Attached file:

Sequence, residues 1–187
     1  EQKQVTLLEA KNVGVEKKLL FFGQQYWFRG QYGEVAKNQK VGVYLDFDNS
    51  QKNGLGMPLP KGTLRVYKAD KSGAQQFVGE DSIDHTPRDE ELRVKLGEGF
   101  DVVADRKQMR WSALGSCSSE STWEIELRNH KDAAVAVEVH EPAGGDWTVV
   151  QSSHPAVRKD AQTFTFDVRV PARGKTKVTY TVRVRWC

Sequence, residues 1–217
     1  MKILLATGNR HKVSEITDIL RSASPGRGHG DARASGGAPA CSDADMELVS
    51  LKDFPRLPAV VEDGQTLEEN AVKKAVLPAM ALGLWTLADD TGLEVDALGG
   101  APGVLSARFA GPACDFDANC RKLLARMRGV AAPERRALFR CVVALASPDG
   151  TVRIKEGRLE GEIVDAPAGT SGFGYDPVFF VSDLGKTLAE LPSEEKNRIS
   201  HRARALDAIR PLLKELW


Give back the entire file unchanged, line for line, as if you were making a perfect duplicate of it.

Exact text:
Sequence, residues 1–187
     1  EQKQVTLLEA KNVGVEKKLL FFGQQYWFRG QYGEVAKNQK VGVYLDFDNS
    51  QKNGLGMPLP KGTLRVYKAD KSGAQQFVGE DSIDHTPRDE ELRVKLGEGF
   101  DVVADRKQMR WSALGSCSSE STWEIELRNH KDAAVAVEVH EPAGGDWTVV
   151  QSSHPAVRKD AQTFTFDVRV PARGKTKVTY TVRVRWC

Sequence, residues 1–217
     1  MKILLATGNR HKVSEITDIL RSASPGRGHG DARASGGAPA CSDADMELVS
    51  LKDFPRLPAV VEDGQTLEEN AVKKAVLPAM ALGLWTLADD TGLEVDALGG
   101  APGVLSARFA GPACDFDANC RKLLARMRGV AAPERRALFR CVVALASPDG
   151  TVRIKEGRLE GEIVDAPAGT SGFGYDPVFF VSDLGKTLAE LPSEEKNRIS
   201  HRARALDAIR PLLKELW